Mom blog

A different understanding

In 2009 my husband and I welcomed our second born into this world.  It was a scary first few moments of his new life.  His umbilical cord was wrapped twice around his neck, and the doctor held him up. We got a brief look before he was whisked away to the warmer.  He didn’t cry. My husband and I were being ignored as we begged them to tell us what was happening.  What in reality, only took about two minutes, seemed like an hour.  Finally that sweet beautiful cry escaped our little boys lips and we sobbed.  He was fine.  


He was a very fussy baby compared to my first born.  From the time he was three months old to around six months, I had to hold and walk around the house with him for three hours.  I did this like clockwork every night at 9, until 12 pm.  I had to be moving, and could NOT sit with him.  He would still be fussing, but it wasn’t the blood curdling scream if I sat, or put him down.  

He  never slept through the night, and still doesn’t to this day unless I give him melatonin.  

The babbling/talking started pretty strong.  He would say simple words like mama, dada, hi, bye etc around 13 months, and then it stopped.  He spoke his own language, but it didn’t make any sense to us, there we no coherent words.  

The meltdowns started around that time.  He would repeatedly hit his head against the wall, and scream and cry inconsolably for hours.  I suspected autism, but I said no, not my baby.  He’s fine, it’s just a stage! 

When he was two and a half I took him in to be evaluated at an early intervention program.  His speech was at an 18 month level, and fine/gross motor skills were behind as well.  They told me to take him to his primary for an official diagnoses.  

My son has high functioning autism.  I thought I would be sad, angry, in denial, but all I felt was relief! I had an explanation for why my baby hurt himself, cried/screamed, and was violent toward us. I finally had answers.  


I used to be one of those people who stared in public when a child would throw themselves on the ground, wondering why aren’t the parents doing anything? Can’t they control their child? That kid is a huge brat.  

That may be the case.  It could be they are just throwing a tantrum because they couldn’t get the chocolate bar, or a toy they saw at the register.  Or it could be the little one is completely overwhelmed.  The store is bright and loud, the cart is making noises that sounds like nails on a chalkboard, or they wanted to put groceries on the belt in a certain order.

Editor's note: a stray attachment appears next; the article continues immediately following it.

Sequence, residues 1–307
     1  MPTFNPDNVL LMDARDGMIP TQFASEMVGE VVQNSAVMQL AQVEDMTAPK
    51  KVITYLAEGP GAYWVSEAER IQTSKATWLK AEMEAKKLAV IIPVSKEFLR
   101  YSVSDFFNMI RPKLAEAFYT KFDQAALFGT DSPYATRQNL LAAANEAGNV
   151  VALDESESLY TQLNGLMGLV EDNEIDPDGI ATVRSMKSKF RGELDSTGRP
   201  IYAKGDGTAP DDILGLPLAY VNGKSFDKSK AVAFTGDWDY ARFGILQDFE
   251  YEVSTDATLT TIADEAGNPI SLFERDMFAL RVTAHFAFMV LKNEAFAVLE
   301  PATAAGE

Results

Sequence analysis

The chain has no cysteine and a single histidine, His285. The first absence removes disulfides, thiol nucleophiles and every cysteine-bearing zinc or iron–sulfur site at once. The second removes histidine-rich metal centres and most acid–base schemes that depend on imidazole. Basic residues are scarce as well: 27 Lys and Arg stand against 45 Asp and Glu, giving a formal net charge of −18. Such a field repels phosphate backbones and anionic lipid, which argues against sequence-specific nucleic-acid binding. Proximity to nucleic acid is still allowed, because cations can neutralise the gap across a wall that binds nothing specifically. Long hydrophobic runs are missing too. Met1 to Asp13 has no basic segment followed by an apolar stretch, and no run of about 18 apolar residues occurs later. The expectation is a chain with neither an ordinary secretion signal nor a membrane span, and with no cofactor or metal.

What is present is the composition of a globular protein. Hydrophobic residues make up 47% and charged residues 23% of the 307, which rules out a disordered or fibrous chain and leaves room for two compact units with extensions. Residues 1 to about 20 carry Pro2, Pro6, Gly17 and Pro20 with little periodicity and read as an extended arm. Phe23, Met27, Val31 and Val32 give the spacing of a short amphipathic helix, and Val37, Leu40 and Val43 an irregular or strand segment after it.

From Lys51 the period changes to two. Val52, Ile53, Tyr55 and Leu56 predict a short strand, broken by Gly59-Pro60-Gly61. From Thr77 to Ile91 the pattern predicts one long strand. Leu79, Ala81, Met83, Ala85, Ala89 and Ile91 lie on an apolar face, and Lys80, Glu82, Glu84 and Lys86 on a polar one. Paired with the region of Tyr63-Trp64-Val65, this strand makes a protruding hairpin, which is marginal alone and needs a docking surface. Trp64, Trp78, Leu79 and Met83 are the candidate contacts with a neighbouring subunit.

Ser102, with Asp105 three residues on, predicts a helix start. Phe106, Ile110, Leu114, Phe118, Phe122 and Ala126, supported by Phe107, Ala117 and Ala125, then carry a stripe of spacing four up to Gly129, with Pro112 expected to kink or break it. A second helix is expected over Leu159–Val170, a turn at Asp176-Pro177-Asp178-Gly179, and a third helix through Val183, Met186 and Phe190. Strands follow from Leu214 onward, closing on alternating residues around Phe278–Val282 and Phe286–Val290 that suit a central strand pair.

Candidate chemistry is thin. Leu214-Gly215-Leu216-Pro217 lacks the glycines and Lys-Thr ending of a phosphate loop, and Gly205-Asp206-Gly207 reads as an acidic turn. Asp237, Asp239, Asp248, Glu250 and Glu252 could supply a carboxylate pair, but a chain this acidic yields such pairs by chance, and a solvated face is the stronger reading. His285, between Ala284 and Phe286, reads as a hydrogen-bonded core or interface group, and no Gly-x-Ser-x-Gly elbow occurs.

Or maybe you see a child who is repeatedly saying “I like that toy, it’s purple” very loudly, over and over again while flapping their hands.  You look at dad and he’s responding each time, and you wonder why he isn’t telling him to quiet down.  

These children, AND adults on the spectrum look fine on the surface.  Just like any other invisible illness.  They are differently abled.  My son is different abled, and just like every other “normal” human being he should be treated with kindness, regardless of what’s happening inside.  


According to the National Institute of Child Health and Human Developement, otherwise known as NICHD, 1 in 68 children in the US currently have autism.  Remember, that is just the US, and doesn’t include adults.  

Every single differently abled person no matter their disorder or illness, deserves to be treated with kindness and respect. 

People on the autism spectrum disorder need others to be aware and understand that most of the time, every day situations and simple tasks require so much MORE effort.  They need others to know that it’s hard to carry on a conversation or stop repeating themselves, or stop fidgeting.  

I am my son’s advocate.  I go to the IEP meetings, I struggle every day with the severe meltdowns, I had to call transportation and the school administration,  because another child on the bus put his hands on my son’s neck because “he was being annoying”.  My immediate reaction was wanting to do the same to that child.  Then I came back to reality, and blame the parents.  His parents should teach him to walk away from a situation that makes him uncomfortable. 

Yes, my son can be completely overwhelming, with his constant humming and rambling on about his favorite game, my singing monsters.  I feel the frustration, daily.  I hurt for my baby.  He cries and asks me why I can’t fix him.  I tell him, you don’t need to be fixed! Everyone around you needs to understand! 

I will always fight for my little guy.  I will be his voice until he can be his own.  

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